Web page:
Child Care Center Operators
Supervising Children in Child Care Centers
Produced by the Community Care Licensing Division of the California Department of Social Services
[As the series host speaks off screen, scenes from several child care settings show adults attentively watching and responding to children.]
Licensing regulations concerning the supervision of children in child care centers are meant to achieve these important goals: that children in your care are in view of a teacher or an aide at all times to ensure their safety, that an adult can be by a child’s side at a moment’s notice [child cries], and that each child receives the attention he or she needs while in care.
The topic of supervision in child care centers is closely related to the topic of adult-to-child ratios. [Onscreen, Series Host] For this reason, you are encouraged to also view the video “Teacher-to-Child Ratios in Child Care Centers” for a more complete understanding of the relevant licensing laws and regulations. [The corresponding webpage briefly appears.]
[Onscreen, two licensing representatives speak.]
Community Care Licensing Representative 1:
In the context of licensing laws and regulations, supervision in child care centers refers to the visual supervision of children by teachers and aides at all times.
Community Care Licensing Representative 2:
Supervision helps prevent and minimize accidents and injuries in the child care setting and increases the quality of care offered to young children.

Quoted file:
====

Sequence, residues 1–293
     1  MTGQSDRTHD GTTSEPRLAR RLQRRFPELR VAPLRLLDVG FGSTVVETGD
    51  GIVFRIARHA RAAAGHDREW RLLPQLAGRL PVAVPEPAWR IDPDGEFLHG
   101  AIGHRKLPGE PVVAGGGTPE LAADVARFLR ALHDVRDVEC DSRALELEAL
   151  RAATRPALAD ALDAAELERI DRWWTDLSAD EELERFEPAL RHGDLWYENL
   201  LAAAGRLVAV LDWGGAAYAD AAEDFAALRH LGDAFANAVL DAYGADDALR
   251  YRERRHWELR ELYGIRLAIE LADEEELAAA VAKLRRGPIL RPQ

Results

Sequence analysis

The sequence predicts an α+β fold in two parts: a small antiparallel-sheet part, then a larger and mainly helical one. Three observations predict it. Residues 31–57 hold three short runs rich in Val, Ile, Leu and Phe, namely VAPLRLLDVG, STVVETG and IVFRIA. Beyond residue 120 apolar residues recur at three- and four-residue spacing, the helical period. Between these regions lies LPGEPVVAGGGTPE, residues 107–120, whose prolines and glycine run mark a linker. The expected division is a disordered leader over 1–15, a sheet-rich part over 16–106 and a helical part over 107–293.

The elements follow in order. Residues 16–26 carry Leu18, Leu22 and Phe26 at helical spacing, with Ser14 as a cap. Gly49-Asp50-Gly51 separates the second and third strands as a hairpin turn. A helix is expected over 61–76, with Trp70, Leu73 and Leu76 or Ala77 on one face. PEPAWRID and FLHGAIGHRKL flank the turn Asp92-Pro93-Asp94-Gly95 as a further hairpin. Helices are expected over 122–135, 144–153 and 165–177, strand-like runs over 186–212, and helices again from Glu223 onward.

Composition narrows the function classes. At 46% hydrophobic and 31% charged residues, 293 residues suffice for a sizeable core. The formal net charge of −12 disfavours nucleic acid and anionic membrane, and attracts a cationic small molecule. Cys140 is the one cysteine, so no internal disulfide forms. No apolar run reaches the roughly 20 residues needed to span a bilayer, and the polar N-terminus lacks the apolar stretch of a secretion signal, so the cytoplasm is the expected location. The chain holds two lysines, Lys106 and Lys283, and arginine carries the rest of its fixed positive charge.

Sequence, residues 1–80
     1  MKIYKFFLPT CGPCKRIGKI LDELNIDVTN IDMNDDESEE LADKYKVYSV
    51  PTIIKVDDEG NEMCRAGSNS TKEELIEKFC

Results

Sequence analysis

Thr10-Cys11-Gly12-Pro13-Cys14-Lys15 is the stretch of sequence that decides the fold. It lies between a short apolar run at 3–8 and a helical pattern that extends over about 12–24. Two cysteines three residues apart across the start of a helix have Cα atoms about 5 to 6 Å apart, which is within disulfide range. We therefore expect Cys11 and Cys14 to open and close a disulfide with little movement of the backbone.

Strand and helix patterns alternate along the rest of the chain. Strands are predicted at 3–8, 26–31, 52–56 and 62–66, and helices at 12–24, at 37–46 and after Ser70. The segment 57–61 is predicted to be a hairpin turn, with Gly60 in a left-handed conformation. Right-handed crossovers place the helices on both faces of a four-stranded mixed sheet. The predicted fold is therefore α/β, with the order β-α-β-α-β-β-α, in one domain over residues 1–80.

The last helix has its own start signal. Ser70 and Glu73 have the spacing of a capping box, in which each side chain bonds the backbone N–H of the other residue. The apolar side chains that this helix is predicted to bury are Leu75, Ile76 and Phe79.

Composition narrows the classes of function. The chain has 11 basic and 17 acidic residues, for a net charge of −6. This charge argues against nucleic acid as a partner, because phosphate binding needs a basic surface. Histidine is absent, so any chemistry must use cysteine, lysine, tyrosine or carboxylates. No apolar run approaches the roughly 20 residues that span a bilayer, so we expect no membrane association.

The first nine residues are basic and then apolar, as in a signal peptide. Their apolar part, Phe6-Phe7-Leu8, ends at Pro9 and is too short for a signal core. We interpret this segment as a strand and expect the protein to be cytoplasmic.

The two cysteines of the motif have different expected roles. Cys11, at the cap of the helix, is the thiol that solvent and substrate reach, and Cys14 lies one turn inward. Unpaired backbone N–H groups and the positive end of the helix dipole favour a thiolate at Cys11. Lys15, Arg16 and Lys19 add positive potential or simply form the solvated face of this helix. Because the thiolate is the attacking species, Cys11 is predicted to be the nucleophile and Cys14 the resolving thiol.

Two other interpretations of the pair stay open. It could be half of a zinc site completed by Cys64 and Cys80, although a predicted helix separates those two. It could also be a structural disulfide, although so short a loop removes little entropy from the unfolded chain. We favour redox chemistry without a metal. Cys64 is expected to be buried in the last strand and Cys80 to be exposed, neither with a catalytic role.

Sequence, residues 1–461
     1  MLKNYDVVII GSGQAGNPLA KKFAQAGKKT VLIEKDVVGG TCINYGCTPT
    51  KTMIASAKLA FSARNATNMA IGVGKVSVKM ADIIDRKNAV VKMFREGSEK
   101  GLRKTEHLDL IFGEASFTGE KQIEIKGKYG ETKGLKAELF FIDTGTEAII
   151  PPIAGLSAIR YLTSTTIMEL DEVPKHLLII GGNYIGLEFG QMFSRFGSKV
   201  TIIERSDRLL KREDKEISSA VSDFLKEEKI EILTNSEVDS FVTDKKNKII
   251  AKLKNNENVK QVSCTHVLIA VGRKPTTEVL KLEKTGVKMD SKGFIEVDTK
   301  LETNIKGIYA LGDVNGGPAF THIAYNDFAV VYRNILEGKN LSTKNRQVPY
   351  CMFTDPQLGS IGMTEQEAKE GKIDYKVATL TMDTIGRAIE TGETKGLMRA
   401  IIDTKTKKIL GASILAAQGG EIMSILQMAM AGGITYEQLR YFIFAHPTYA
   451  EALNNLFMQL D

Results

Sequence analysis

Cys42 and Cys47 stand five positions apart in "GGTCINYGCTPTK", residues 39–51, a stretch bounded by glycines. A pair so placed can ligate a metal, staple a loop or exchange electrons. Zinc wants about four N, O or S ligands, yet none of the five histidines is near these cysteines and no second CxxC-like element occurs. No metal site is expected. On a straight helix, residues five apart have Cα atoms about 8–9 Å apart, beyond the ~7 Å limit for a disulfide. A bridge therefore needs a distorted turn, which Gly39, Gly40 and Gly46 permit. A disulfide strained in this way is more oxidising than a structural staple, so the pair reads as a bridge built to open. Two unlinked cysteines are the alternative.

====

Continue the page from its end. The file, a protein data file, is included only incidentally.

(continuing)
[The host speaks, and the questions she asks are displayed on a white board.]
How does Community Care Licensing define supervision in child care centers?
[A teacher supervises children outside.]
Do you want a turn?
Supervision of children must be 100% visual at all times. [Host onscreen] That means that teachers must always be able to see all children, whether they are in the classroom, outdoors, or in any area of the child care center.
Okay! Big kids, let’s go to our usual spots.
[A teacher helps children leave the classroom and line up in the hallway.]
Here are some key points to keep in mind about visual supervision. The most accurate way to ensure that no child is ever left behind during a transition is to conduct a face-to-name check before and after changing locations. That is, visually identify each child whose name you call.
Is Leila here?
Is Miranda here?
Is Cenan here?
Is Justice here?
And all children must be escorted by a teacher or aide to the restroom, whether individually or in groups.
What are some best practices for supervising children in a child care center?
[As the host speaks off screen, a montage of playground scenes shows teachers supervising children as they play.]
Careful, Max! You’re on the football field.
You should frequently scan the entire area to confirm the safety of all children present. Position yourself where children cannot get behind you or go out of sight. If enough adults are present, have an adult stay near high use areas such as the play area, jungle gym, or craft tables.